Noguchi made it in collaboration with the famed American dancer, Martha Graham.  Noguchi had designed about twenty sets for Graham, and this piece was for The Cave of the Heart, which tells the Greek mythical story of the sorceress, Medea, who left her home (and her father, the Sun) to be with the human man, Jason (he of the Golden Fleece), bearing him two sons.  But Jason, faithless soul, left her for a princess, and all hell ensued---multiple murders, including Medea slaying her own children.  

For most of the dance, the dress broods on stage, sitting stop the other Noguchi piece in my first photo-- "The Serpent." Then, at the climatic ending, the wire "dress of transformation" (another term the artist used) is donned by the dancer playing Medea. She whirls about the stage, encased in metal quivering spikes, as Medea burns in revengeful glory on her ascent back to the Sun. *

Whew.  Now that I knew all this, what possible poem could contain such a tale?  

Tricia to the rescue.  In our monthly ZOOM meeting, she suggested a restrictive form known as a 4 x 4. Created by Denise Krebs as a varation of the French quatern, it has four stanzas, of four lines, with four syllables each.  In addition, one line repeats four times, once in each stanza, but moves down a line each time.  Enough structure to support such a potent story, right??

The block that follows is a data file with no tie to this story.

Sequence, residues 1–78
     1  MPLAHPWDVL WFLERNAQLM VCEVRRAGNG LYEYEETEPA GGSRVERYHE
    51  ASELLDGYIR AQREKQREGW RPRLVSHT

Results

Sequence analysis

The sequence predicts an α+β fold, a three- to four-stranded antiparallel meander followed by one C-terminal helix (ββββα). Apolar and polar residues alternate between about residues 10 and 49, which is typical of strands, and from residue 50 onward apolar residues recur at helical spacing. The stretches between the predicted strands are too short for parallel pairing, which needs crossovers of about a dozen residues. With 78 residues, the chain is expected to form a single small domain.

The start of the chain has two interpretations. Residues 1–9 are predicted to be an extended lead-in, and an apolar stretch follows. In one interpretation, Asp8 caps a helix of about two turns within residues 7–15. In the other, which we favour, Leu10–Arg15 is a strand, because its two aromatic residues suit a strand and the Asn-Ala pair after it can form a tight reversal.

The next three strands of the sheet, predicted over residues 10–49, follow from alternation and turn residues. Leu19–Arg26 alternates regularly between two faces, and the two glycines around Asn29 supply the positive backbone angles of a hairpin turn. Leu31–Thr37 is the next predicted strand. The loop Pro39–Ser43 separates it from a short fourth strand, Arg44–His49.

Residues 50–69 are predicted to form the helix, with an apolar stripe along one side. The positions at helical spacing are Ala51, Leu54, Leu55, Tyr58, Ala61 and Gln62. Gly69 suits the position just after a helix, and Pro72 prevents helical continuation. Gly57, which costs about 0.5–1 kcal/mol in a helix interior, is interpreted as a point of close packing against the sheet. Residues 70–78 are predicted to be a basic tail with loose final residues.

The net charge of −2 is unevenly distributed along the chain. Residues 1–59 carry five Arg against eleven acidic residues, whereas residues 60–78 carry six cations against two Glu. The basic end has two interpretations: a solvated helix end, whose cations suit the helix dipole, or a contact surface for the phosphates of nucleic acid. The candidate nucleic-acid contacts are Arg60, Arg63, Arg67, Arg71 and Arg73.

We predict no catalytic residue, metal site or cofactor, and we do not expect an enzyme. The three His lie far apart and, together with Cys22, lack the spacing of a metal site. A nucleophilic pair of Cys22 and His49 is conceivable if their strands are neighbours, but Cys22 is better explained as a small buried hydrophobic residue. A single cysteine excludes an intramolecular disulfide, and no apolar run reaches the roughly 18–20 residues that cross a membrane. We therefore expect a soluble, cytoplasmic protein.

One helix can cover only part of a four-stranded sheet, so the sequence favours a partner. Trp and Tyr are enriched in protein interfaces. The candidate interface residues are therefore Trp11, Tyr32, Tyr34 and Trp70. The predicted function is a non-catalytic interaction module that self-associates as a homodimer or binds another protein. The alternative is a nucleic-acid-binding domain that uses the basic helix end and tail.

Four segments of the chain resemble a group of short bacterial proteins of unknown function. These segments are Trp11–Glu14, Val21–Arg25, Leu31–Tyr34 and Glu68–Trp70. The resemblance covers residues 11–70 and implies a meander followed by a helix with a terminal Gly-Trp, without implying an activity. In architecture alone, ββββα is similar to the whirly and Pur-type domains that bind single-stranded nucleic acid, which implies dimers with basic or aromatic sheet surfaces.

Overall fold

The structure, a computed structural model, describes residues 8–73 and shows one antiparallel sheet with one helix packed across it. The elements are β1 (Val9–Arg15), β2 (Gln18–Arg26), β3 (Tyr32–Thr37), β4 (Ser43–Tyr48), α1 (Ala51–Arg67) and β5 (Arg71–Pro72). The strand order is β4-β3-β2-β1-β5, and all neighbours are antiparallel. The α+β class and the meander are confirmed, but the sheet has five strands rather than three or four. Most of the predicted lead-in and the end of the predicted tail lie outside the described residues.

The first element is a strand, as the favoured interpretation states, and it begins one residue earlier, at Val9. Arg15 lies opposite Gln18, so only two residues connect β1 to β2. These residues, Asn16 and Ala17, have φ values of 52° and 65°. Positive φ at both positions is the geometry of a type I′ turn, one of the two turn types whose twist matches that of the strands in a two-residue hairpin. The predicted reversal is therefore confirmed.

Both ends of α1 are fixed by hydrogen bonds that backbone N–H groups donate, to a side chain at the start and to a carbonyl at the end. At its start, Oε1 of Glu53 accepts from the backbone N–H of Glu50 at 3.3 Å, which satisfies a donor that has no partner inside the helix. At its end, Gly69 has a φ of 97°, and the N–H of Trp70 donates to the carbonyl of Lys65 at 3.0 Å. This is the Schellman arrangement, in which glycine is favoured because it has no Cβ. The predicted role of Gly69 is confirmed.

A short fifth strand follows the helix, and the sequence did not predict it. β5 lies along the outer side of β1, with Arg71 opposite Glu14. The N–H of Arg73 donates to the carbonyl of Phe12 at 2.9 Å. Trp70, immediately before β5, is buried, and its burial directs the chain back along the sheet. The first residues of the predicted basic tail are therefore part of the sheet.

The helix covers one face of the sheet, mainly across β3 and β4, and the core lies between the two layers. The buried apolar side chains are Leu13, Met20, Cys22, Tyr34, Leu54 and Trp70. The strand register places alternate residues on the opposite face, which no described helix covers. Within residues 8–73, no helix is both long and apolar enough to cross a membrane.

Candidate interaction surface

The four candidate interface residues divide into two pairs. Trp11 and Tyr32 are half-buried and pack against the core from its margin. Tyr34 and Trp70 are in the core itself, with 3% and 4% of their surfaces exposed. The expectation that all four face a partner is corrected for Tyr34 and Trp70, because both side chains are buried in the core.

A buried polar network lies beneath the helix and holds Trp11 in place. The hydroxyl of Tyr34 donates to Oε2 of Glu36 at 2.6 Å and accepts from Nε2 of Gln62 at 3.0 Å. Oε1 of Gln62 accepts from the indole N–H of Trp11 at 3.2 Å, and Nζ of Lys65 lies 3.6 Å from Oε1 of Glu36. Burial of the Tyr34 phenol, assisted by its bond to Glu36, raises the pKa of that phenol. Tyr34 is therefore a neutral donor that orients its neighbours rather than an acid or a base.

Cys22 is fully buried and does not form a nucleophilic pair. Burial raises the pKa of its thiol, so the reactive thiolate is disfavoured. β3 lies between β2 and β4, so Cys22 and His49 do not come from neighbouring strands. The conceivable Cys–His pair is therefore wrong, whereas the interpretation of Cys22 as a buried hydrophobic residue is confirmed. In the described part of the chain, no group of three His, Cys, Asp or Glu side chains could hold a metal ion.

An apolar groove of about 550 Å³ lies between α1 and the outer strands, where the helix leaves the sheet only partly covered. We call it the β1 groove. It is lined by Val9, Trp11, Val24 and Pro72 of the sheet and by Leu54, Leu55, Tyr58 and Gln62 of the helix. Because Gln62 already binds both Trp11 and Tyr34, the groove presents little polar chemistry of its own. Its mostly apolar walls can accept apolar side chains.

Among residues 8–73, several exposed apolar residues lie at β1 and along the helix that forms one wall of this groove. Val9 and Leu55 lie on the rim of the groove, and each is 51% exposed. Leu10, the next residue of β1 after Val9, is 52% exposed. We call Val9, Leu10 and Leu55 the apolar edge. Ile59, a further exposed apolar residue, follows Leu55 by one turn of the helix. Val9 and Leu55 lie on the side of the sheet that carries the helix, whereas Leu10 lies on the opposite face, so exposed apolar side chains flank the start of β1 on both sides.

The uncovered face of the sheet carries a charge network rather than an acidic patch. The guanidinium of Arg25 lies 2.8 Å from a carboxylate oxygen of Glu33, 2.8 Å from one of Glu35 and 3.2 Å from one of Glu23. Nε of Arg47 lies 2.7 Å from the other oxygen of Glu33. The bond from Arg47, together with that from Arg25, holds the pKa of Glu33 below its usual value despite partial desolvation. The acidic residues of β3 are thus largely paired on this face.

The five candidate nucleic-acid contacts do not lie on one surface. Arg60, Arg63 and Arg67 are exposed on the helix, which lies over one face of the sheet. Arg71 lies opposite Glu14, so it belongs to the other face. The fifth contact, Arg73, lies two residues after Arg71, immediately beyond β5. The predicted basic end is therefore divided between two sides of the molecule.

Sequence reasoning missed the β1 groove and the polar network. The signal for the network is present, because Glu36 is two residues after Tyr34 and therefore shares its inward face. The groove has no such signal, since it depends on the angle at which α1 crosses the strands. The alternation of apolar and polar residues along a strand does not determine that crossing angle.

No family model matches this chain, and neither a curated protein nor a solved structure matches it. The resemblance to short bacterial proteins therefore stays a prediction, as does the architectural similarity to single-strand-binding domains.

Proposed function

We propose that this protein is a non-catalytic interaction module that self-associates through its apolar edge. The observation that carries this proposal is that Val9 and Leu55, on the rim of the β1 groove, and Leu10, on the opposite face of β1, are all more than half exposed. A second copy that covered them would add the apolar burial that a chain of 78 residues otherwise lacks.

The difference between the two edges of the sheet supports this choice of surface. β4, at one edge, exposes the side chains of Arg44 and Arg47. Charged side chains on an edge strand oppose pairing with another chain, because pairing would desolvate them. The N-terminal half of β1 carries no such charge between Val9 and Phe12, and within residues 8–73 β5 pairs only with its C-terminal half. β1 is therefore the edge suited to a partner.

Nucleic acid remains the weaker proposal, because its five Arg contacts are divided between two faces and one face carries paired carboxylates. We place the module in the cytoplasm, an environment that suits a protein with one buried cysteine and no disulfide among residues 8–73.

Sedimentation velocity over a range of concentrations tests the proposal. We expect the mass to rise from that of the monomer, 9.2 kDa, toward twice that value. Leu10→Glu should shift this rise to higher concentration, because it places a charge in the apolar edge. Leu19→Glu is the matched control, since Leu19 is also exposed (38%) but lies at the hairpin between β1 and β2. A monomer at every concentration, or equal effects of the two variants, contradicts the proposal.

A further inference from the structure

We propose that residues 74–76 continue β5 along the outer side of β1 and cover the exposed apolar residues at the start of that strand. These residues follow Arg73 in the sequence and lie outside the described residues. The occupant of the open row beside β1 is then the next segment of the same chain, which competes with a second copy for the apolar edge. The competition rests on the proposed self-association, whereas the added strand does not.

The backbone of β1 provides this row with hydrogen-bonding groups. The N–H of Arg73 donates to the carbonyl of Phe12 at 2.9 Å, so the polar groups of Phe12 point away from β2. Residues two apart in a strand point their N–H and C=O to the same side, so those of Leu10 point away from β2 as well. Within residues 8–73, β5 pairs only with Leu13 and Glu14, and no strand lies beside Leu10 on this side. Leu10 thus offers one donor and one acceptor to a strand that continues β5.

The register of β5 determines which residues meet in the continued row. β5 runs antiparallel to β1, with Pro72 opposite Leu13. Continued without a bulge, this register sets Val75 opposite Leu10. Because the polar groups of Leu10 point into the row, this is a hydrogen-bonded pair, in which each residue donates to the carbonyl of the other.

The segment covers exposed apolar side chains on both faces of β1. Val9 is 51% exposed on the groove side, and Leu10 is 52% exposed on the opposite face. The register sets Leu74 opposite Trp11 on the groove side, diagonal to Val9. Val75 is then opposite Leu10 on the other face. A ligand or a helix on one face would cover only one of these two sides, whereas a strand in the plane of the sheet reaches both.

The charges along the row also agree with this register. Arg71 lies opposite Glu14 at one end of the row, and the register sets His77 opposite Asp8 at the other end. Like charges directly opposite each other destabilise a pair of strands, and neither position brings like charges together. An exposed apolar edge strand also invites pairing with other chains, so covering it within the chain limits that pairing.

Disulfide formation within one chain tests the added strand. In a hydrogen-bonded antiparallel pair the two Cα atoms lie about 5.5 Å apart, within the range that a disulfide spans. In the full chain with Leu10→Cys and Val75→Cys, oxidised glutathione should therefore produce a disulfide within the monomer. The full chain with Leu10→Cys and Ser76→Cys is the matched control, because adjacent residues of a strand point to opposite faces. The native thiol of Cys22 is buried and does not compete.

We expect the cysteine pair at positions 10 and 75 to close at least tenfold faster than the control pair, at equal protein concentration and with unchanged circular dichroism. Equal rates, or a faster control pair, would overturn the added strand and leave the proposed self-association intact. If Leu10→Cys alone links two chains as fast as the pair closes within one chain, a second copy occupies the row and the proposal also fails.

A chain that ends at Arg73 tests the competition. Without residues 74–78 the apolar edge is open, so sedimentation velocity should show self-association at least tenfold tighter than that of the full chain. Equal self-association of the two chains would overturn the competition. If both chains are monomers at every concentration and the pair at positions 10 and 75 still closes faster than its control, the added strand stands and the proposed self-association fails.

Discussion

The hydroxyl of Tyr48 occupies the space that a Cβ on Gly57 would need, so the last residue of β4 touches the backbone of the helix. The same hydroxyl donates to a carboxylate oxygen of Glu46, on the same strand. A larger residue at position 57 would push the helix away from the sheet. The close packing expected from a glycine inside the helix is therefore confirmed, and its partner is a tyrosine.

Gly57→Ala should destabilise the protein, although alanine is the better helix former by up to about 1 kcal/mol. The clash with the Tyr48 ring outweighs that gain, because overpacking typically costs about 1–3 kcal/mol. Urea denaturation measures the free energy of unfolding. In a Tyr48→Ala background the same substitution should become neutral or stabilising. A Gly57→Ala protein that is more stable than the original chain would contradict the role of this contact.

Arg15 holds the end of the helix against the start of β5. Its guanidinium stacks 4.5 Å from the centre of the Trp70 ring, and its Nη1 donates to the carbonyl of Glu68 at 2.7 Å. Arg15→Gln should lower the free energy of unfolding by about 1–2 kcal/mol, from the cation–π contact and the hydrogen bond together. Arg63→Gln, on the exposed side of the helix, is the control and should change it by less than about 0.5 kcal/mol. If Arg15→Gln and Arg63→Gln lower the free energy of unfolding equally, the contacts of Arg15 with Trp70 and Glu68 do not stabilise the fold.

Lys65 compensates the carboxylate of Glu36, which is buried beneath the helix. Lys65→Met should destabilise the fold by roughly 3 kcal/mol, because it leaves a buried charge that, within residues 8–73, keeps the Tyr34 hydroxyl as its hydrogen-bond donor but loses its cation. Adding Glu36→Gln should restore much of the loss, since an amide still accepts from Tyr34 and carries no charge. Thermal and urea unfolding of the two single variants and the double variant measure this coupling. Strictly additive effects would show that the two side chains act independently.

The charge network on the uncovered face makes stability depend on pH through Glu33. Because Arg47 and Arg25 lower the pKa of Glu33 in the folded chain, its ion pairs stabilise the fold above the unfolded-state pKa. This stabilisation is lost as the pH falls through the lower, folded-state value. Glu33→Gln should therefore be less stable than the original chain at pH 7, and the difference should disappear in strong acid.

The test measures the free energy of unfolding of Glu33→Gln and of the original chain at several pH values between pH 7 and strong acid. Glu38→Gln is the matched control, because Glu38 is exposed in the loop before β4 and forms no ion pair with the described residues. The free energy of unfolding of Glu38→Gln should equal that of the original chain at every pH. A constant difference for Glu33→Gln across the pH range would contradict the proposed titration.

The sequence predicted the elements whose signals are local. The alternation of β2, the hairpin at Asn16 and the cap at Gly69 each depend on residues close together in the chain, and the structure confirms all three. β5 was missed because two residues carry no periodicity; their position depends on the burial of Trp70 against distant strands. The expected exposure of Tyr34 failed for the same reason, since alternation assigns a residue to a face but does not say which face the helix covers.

Medea burns

Grief cages her;

It binds her to

him, to them, blood

years spent, now gone.

She cuts at her

grief, cages her

love, becomes all

spines, a weapon.   

She will ascend

having broken

grief’s cage. Then her

heart will be brass.

She dances, a 

wheel of blades, yet

again again

Grief cages her. 

    ----Sara Lewis Holmes (all rights reserved) 

My Poetry Sisters responses (to this and/or other art) are found here:







*Do you want to see that cage dress actually on a dancer? Actually being moved in?  Yes, yes, you do. I did some sleuthing on that, too, and here it is, in a clip from this lecture from the Library of Congress. It's at the 40 minute mark.  And if you want to know what the dancers thought of wearing Noguchi's often painful designs, here's a story from the Washington Post.  You're welcome.